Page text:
Bandwagon Bias — is it safe to oppose?

By Scott Hughes

Three thumbs up and one thumbs down

lomachevsky / 123RF Stock Photo

“It’s an open-and-shut case. The kid’s obviously guilty!”

The 1997 version of the movie 12 Angry Men is full of great illustrations of a number of biases. The movie revolves around twelve jurors as they deliberate following a murder trial. In the beginning of the movie, the jurors seek to end the trial because the “facts” seem obvious, and they have other “important” matters to attend to once the trial ends.

At first, it seems the “bandwagon effect” will determine the verdict. The bandwagon effect is when everyone adopts they same belief due to the pressure to drop any opposing view. (Commonly, we might know this bias as “groupthink.”)

Perhaps you’ve been part of a church committee that was guilty of groupthink. Everybody agreed to a position and came up with a group decision. There might have been a person or two who raised an objection initially, but their thoughts were quickly squelched. The decision was made. But in the end, the decision did not turn out as well as group members had hoped. Why not? The problem with groupthink is that it masks real concerns that need to be raised.

I wonder if groupthink was in effect when the Israelites keep grumbling to Moses. Perhaps that’s what led Aaron to build the golden calf while Moses was on top of Mount Sinai. In Acts 5, when some of the disciples are arrested by the Sadducees and put on trial, Rabbi Gamaliel is the voice that stands against the bandwagon effect. He prophetically warned the Sadducees regarding the disciples, “I tell you, keep away from these men and let them alone, for if this plan or this undertaking is of man, it will fail; but if it is of God, you will not be able to overthrow them. You might even be found opposing God!” (Acts 5:38-39, ESV)1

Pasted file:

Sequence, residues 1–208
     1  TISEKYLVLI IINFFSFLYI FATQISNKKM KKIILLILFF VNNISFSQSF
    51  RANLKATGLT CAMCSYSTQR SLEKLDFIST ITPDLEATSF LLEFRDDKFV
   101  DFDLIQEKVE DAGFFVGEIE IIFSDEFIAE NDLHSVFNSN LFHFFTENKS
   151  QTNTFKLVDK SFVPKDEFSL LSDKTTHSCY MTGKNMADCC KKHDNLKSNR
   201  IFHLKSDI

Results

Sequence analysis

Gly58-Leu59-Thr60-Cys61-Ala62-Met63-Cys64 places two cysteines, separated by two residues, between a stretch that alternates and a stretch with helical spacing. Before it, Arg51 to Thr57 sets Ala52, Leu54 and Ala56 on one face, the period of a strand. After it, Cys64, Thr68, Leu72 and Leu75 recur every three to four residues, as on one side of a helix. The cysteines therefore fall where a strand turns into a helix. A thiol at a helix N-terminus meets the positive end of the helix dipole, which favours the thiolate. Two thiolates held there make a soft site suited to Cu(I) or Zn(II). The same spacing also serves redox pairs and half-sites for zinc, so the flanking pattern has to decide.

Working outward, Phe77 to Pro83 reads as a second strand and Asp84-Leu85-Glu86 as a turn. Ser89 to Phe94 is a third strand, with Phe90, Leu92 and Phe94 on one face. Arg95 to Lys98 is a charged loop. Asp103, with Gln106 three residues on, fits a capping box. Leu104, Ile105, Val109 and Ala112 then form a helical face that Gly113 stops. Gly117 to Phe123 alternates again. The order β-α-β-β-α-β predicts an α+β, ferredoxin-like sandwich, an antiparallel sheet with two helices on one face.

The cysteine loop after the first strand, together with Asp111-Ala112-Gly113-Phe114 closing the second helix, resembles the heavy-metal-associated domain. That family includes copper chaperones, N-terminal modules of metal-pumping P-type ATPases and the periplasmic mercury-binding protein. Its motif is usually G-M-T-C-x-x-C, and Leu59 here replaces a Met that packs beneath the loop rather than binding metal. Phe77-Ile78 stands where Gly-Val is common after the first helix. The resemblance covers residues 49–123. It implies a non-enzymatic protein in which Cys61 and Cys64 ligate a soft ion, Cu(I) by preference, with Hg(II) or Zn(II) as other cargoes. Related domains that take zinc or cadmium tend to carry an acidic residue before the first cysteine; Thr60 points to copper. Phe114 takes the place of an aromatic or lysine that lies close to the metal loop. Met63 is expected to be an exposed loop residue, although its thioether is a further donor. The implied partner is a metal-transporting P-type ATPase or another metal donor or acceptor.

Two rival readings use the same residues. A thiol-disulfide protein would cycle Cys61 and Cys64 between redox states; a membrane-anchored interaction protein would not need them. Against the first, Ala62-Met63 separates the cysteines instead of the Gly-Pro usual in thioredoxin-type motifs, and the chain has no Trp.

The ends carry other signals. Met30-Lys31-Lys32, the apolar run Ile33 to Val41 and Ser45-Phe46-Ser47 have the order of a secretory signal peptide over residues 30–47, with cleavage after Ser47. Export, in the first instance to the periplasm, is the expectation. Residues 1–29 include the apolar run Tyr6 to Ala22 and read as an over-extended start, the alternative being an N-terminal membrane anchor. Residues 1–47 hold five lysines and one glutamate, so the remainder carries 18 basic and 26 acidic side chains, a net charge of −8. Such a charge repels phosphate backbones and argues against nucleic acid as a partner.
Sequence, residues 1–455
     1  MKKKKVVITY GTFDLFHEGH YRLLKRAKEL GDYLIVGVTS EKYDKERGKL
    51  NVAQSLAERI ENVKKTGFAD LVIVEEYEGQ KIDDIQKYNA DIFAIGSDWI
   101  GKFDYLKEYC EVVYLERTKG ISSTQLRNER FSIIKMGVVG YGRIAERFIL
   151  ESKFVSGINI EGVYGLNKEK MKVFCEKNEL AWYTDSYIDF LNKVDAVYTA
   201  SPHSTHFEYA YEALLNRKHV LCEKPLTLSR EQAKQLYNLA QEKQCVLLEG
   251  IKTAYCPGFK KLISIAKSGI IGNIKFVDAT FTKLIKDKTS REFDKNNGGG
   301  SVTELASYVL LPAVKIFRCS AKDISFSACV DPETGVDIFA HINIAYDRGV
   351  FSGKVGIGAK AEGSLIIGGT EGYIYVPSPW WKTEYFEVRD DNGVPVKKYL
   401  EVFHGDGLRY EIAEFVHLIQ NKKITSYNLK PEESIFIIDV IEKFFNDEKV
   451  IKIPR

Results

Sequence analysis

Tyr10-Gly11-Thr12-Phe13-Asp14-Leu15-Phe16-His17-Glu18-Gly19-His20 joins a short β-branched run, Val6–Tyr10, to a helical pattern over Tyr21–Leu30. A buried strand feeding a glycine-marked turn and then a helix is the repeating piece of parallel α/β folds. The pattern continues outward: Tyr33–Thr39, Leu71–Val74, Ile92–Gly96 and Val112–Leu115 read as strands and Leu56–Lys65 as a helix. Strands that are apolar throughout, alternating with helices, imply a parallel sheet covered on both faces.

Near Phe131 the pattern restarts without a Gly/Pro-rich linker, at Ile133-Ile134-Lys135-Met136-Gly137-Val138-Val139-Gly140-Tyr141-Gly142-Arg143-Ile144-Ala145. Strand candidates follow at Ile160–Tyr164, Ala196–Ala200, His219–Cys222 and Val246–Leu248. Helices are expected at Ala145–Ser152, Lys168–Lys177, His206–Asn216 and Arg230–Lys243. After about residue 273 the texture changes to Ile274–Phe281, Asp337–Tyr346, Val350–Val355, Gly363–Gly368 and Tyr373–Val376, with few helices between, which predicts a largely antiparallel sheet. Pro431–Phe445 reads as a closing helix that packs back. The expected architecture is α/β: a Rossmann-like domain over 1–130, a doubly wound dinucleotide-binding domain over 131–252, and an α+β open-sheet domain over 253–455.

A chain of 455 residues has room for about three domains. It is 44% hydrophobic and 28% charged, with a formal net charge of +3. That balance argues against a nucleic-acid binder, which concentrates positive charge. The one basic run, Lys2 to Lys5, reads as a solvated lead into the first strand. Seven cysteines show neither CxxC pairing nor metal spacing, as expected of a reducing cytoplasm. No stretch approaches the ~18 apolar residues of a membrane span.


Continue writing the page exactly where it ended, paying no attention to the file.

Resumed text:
Jack Lemmon’s character in 12 Angry Men (most of the characters don’t have names) is the lone juror, at first, who’s willing to raise any contrary opinion. It took a lot of courage for this juror to be the lone objector. It comes at a cost, as he’s attacked personally for it and nearly physically accosted. Do his questions and his advocacy work to completely overcome the power of groupthink? I won’t ruin the movie for you, but the “open-and-shut case” becomes debatable.

Courageous Conversations are designed to be hospitable environments for all opinions. When I lead such discussions, I humorously state, “All crazy opinions are to be honored, including those uttered by me!” Only when the environment is safe will all voices be welcomed and honored. You never know how that one opposing view can shape a conversation or be the prophetic statement the group needs to hear (and even change the course of history!).

Reflection Questions:

How assertive are you at raising difficult questions or opinions? Is your church a safe space for opinions that are not popular?

Can you think of any other stories that demonstrate the bandwagon effect in Scripture?

Reflection Actions:



Watch 12 Angry Men as a class or group. (You could flip the classroom and invite participants to watch the movie as homework before the actual class time.) Discuss the biases at work in the movie.

Ask: “Which character do you most identify with and why?”




1The Holy Bible, English Standard Version Copyright © 2001 by Crossway Bibles, a publishing ministry of Good News Publishers.


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